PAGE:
While this may seem like a niche attribute of the contemporary business model, the ESG system actually has massive scope and influence, with companies like Microsoft, Salesforce, Motorola, Adobe, Nike, Mattel, Rogers, Apple and hundreds of others having publicly-viewable ESG scores indicating what is effectively their “wokeness” level.
According to Smith, the ESG system is not just being promoted by firms like the SASB but also being weaponized by a variety of institutions that are using the ESG system for their own political and social ends.
Included in this list of ESG actors are large fund managing firms like the world’s two largest asset managers BlackRock and Vanguard, and even governmental agencies like the U.S. Securities and Exchange Commission (SEC).
How ESGs force CEOs to go ‘woke’
In layman’s terms, Smith outlined that CEOs are essentially being told that a failure to increase their ESG scores – by going “green,” spending money on “diversity and inclusion,” and other familiar left-wing metrics – will cause the ESG scores of their companies to fall below the acceptable industry threshold.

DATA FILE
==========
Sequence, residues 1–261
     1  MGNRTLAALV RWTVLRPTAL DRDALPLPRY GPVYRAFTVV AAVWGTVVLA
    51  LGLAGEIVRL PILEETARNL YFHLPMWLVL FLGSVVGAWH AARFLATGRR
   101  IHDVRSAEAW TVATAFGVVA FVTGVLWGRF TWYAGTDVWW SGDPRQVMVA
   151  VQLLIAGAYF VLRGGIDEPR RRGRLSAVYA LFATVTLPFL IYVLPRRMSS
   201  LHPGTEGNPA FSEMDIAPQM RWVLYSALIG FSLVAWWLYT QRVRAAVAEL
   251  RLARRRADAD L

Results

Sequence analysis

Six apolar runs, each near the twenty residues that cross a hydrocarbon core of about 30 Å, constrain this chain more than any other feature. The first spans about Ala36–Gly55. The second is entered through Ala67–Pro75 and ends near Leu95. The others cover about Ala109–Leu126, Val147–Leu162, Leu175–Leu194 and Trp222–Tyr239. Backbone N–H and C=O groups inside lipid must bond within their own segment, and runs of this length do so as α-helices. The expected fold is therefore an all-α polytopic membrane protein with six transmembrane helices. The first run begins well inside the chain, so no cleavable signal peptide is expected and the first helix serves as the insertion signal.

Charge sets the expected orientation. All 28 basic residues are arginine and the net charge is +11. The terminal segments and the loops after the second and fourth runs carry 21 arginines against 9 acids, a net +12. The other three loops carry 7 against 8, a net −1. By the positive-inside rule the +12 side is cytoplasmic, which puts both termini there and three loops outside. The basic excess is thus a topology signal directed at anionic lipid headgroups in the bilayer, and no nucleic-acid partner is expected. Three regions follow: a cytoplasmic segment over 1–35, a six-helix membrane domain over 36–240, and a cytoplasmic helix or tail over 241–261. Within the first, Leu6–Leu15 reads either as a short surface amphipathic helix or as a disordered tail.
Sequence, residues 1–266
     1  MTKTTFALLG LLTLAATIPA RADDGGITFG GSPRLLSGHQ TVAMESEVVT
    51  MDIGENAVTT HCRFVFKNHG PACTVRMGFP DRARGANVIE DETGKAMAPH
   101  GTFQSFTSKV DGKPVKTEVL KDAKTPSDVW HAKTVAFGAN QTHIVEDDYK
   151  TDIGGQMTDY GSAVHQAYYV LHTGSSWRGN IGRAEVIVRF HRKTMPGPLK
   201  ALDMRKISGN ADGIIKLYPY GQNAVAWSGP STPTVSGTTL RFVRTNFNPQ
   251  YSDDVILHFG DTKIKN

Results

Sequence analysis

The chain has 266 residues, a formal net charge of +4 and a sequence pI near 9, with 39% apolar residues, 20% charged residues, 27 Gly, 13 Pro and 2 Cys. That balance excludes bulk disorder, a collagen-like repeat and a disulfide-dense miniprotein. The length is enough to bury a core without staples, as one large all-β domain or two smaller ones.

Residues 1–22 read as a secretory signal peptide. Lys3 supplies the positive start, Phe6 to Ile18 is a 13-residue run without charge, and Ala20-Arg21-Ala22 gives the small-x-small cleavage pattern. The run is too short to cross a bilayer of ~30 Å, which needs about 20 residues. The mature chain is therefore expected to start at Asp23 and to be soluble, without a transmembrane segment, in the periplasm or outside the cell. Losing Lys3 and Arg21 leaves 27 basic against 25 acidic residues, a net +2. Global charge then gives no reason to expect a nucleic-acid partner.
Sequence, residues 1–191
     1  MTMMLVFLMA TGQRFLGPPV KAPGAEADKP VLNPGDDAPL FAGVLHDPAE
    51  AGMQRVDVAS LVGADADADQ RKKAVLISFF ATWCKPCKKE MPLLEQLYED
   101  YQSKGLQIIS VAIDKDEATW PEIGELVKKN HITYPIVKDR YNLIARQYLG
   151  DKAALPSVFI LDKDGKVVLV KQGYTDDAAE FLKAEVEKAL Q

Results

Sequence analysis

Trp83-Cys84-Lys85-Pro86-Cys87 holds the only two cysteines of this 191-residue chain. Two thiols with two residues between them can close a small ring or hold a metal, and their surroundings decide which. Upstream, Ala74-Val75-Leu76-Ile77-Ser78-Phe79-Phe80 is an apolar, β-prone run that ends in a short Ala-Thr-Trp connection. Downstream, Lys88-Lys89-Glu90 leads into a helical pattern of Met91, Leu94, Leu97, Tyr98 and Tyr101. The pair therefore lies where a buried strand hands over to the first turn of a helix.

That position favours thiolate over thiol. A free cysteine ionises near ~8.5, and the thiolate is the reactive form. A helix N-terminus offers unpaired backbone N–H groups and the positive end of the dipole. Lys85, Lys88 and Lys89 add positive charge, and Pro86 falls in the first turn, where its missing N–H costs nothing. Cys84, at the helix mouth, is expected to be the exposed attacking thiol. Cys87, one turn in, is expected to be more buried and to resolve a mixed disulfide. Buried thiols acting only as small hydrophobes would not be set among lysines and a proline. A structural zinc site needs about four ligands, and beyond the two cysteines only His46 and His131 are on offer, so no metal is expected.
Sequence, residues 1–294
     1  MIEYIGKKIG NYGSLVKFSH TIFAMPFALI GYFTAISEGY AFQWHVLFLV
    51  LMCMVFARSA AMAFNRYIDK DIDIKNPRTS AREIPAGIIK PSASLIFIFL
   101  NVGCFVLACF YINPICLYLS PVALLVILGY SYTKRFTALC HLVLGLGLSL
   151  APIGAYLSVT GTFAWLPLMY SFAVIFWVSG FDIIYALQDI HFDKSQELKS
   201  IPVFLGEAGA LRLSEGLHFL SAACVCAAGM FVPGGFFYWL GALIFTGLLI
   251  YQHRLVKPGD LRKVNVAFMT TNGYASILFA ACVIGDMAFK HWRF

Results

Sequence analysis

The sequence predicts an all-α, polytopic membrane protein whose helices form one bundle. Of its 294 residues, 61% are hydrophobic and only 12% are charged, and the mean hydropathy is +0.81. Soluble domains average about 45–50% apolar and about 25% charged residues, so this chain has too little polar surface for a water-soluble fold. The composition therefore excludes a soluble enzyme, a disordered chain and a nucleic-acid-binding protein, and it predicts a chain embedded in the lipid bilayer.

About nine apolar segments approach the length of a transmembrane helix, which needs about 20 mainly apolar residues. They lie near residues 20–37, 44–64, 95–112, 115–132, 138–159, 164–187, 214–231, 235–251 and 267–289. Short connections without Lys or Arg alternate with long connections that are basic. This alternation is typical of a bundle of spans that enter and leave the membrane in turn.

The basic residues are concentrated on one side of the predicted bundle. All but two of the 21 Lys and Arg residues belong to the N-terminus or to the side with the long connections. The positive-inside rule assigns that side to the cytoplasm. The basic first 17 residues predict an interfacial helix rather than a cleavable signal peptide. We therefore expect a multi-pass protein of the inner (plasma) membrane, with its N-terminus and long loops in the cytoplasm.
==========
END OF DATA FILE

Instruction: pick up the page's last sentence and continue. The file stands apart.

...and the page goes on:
Smith told LifeSiteNews that with the way the industry currently operates, large stakeholders and fund managers – BlackRock, Vanguard and State Street as notorious examples – can collectively own such massive portions of these publicly-traded companies, that if they were to collectively sell all their holdings in a company, the company would be at risk of a “liquidity” crisis as the mass exodus of investment would cause the share price to crash.